Ni no KuniWhen the game begins, Shizuku teaches Oliver some basic magic tricks that the player can implement either in battle or on the field – the first being a warp from Hotroit to Ni no Kuni. As the game progresses, so do Oliver’s magic skills – various characters you encounter will teach new spells that help attack, heal, unlock and solve. The game comes with a hardcover Magic Master book (no word yet whether this will be translated for overseas, as you also get a digital version in the game) that beautifully illustrates these incantations, and sometimes you need to leaf through its pages to solve a puzzle. It’s like Harry Potter without the teenage angst.

Ni no Kuni itself is a sprawling and fantastical world that stretches across a cloud-covered map. At the start of the game, Oliver and chums (your party slowly grows) must traverse these sweeping plains on foot, but eventually you get access to the sailing ship Queen Cowra and later a dragon, Kuro, which you can ride. By air or by sea, the landscape is every bit as impressive.

The game is text-heavy, with a good deal of the exposition done via text windows during conversations with non-playable characters. These aren’t voice acted, but the cut-scenes are – and there are lots of them, giving you a full Ghibli experience to break up the battles.

Ah yes, the battles. You’ll spend plenty of time fighting in Ni no Kuni. It’s basically a turn-based system, but with a few differences. For one thing, Oliver doesn’t always have to get his hands dirty: He can instead send into battle an Imajinn. These are little Pokemon-style creatures that you can capture as you scrap with them, and you’ve really gotta catch ’em all. Each character in your party can carry three Imajinns, and they level up through experience and as you nurture them like Tamagotchi – they have a thing for sweets and ice cream.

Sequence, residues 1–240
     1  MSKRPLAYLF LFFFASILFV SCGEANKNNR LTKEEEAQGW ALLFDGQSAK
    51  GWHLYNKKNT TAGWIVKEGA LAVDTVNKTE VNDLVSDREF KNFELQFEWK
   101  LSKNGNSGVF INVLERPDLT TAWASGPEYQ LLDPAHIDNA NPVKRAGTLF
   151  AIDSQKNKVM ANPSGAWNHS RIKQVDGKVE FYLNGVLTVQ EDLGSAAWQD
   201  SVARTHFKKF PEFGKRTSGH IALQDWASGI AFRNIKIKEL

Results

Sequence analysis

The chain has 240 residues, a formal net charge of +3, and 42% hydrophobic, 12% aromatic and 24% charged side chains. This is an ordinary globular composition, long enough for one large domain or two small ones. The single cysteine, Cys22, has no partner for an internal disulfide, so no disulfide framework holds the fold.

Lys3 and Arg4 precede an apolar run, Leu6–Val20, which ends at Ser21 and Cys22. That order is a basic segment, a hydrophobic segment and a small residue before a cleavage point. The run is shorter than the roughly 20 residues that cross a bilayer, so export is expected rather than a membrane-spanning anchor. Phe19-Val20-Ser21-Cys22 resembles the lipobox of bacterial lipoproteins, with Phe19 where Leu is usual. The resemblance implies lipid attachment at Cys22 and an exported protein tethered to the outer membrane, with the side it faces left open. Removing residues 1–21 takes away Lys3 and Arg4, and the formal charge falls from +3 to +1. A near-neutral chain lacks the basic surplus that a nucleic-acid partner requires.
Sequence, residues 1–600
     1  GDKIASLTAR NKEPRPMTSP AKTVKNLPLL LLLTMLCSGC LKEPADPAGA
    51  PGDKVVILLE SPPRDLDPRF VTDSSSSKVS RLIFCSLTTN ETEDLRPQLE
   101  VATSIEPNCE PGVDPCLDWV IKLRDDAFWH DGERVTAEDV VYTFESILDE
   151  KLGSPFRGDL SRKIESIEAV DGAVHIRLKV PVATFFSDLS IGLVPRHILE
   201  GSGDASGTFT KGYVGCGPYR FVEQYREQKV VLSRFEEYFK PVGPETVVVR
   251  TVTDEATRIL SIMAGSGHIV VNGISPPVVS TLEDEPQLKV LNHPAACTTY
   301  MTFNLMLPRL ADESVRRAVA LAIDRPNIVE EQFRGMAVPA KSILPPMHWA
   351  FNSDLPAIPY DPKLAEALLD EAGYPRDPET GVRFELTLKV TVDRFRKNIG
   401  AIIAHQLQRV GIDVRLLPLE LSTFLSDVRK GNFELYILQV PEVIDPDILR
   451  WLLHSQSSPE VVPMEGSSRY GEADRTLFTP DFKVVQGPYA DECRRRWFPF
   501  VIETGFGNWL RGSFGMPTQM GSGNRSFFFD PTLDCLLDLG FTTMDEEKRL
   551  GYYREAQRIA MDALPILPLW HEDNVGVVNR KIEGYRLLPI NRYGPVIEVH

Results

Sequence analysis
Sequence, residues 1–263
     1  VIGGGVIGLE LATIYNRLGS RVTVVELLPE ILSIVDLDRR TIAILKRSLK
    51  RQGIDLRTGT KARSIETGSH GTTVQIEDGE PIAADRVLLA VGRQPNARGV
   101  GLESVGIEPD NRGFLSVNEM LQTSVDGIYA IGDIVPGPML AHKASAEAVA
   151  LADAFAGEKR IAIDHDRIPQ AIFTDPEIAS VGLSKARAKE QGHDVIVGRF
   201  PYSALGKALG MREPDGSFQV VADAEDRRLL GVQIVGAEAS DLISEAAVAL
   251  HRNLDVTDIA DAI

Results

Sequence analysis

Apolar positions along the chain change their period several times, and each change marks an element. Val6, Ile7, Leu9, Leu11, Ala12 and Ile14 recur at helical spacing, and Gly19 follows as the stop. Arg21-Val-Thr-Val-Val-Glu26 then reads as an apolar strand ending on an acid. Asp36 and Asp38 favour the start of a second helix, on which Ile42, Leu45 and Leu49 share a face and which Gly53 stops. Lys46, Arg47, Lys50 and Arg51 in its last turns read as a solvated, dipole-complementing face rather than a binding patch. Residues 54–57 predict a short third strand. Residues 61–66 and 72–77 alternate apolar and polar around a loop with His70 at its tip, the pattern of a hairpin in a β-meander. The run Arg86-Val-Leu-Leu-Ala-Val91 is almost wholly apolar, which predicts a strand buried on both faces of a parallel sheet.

Ni no KuniAlso, the battle arenas are free-roaming, so whichever character you’re controlling can run around, similar to Final Fantasy XII. Tactical positioning is critical, especially during the rock-hard boss fights, where you’ll want to dodge incoming attacks and prepare to retaliate.

The very best thing about Ni no Kuni is that it resists the bloated whimsy inherent in so many modern Japanese RPGs. While Final Fantasy XIII was a 50-hour cringe-fest and, well, almost every other Japanese RPG is chock-full of androgynous conflicted heroes and scantily-dressed women, Ni no Kuni draws again from the dual well of Ghibli and Level5, with themes mirroring the innocent adventure of Laputa or the camaraderie of Professor Layton and Luke, his boy assistant.

After all, anyone can relate to a young boy who misses his mum. This simple but heartbreaking plot device is there in The Neverending Story, in Peter Pan, in Harry Potter, bringing warmth and empathy to their otherwise fantastical narratives. And it’s there in Ni no Kuni – in spades.

Ni no Kuni is coming to a PlayStation 3 near you early in 2012.